Following are the facts, developed primarily during the civil trial. On July 16, 1999, at approximately 8:27 p.m., a dispatcher with the Township police department received a 9-1-1 call from plaintiffs' home in Woodbridge, during which a"hysterical and sobbing" female, presumably Uwaneme, reported that her husband had struck her, one of her children had a bloody nose, and the other"had vomit all over [her]." Olah and Salsano were dispatched to investigate; Kapinos and Ptaszynski were sent as backups.
Upon arrival, Olah and Salsano heard"a loud argument coming from inside the house." When questioned by the officers, Ehiri admitted that he and Uwaneme had been arguing. Ehiri, who is of Nigerian origin, said he and Uwaneme had been given a bottle of alcohol as a gift and Uwaneme gave it away. Because under Nigerian custom it is considered bad manners to give away a gift, Ehiri asked his wife to replace the bottle, which she did not do, so he asked her to"leave the house."
Ehiri denied striking Uwaneme. Uwaneme also testified that Ehiri had not struck her; she claimed she had called 9-1-1 solely because Ehiri had ordered her out of the house. The parties' son, Allen, then approximately six years old, said he had never seen his father hit his mother; the police report indicated that Allen had observed"his father shove his mother and knock her down."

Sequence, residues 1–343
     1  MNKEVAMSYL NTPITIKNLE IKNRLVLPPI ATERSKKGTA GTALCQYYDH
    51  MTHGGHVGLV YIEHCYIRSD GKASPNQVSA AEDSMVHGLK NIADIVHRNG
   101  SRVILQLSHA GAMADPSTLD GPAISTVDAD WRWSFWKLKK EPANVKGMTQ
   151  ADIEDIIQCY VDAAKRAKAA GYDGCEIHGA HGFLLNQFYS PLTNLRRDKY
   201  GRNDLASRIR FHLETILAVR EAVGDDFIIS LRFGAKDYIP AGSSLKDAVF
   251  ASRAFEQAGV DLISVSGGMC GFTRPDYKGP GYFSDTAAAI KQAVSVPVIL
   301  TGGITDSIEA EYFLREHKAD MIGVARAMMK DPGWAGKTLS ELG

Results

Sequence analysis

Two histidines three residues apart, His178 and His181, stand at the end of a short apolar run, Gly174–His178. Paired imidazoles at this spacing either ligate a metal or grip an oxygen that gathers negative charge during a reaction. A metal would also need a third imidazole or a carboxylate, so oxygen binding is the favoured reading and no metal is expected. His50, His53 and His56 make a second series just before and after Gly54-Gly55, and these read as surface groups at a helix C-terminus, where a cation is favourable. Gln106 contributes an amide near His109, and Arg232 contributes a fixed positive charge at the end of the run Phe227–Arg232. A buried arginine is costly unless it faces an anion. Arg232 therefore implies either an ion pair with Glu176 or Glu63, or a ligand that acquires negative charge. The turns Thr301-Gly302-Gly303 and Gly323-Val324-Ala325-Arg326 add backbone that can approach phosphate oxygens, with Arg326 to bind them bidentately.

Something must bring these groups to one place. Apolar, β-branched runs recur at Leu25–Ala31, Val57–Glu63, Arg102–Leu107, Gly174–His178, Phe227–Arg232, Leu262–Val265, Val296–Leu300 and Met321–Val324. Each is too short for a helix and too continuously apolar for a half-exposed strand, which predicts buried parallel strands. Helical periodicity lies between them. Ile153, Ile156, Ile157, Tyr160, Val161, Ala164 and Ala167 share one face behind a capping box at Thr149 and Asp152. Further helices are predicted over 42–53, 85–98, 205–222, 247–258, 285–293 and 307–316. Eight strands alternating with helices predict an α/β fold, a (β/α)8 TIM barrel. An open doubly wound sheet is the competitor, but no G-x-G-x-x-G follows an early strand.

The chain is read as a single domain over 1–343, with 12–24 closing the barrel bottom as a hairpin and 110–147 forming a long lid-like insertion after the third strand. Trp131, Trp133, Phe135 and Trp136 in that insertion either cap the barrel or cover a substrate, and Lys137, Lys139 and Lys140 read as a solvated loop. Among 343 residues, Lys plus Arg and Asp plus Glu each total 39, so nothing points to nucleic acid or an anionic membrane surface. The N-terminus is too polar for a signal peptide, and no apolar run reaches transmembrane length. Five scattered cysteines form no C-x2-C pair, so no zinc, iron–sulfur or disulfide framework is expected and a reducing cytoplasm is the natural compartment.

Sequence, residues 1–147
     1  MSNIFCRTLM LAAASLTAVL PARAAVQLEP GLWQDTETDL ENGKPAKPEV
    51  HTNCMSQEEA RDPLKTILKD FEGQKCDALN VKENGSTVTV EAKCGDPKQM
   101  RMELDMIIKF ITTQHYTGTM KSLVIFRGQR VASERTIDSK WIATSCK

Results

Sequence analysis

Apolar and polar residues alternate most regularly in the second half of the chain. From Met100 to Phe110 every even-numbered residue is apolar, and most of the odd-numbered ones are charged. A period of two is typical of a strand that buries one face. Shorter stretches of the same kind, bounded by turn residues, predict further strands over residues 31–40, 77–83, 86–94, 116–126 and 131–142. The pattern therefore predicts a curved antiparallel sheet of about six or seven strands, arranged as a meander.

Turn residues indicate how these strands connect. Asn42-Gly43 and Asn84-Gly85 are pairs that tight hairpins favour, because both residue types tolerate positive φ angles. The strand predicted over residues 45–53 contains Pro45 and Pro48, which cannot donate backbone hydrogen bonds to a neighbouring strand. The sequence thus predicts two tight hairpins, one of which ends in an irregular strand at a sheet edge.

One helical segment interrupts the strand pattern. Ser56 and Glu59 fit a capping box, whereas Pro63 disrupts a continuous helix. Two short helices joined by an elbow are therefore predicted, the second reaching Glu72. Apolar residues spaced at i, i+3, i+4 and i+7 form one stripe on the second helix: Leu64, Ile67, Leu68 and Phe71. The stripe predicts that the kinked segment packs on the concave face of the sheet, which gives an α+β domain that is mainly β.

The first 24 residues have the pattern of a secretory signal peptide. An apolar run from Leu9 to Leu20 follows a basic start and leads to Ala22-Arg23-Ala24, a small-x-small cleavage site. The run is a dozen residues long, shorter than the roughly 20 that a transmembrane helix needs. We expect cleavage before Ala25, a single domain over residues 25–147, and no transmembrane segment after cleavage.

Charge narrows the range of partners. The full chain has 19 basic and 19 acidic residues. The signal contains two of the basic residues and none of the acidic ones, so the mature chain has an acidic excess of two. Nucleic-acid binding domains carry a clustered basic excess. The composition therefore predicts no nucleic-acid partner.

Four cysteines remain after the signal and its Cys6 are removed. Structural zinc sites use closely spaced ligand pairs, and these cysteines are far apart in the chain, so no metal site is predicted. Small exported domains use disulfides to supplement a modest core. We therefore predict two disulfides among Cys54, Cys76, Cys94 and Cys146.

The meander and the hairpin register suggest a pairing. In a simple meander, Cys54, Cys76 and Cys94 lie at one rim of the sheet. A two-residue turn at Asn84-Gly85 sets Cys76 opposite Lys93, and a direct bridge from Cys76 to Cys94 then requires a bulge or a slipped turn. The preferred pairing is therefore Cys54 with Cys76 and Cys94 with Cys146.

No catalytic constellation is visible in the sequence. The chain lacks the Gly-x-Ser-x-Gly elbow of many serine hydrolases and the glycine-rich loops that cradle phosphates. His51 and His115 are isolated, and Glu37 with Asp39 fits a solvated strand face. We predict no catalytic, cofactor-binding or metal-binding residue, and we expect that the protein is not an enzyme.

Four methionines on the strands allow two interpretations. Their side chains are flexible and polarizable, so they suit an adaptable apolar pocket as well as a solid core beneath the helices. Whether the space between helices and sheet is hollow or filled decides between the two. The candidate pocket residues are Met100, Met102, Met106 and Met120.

According to Ehiri, Olah and Salsano knocked on the screen door, and rushed in as he opened it. Ehiri maintained that at that point, Karen, his three-year-old daughter, vomited on him. He also said Allen did not have a bloody nose when the police arrived; rather, he had a small amount of dried blood on his nose from an earlier bloody nose.
After speaking to Uwaneme, Salsano escorted Ehiri, who was wearing boxer shorts, to the bedroom to change. At that point, according to Ehiri, Uwaneme became upset and asked the officers not to arrest Ehiri, but instead to"just calm him down." Ehiri claimed that Olah commented that if it was"left to him... he [would] knock all [of Ehiri's] front teeth out," at which point Salsano hit him in the head with an object later described as a police radio, knocking him unconscious. Salsano denied hitting Ehiri.
Ehiri testified that when he regained consciousness, he was handcuffed, and Olah and Salsano were beating him with a"stick." Ehiri said the officers then threw him against the wall; he called for his wife, screaming,"the police are killing me." Salsano and Olah then sprayed Ehiri in the face with pepper spray, and"bounced" him into the wall. Ehiri said Olah choked him with a nightstick, taunting,"nigger [we] can kill you now." The officers again"bounced" Ehiri against the wall, kicked and beat him. Ehiri denied pushing, striking, or wrestling with the officers. Karen testified that she recalled seeing an officer"push my dad inside the wall."
According to Uwaneme, when Ptaszynski and Kapinos arrived at the residence, they ran into the bedroom, and joined in the melee. She said she tried to call for help, but Ptaszynski grabbed the phone away from her. When she ran to the back door, Ptaszynski pulled her ...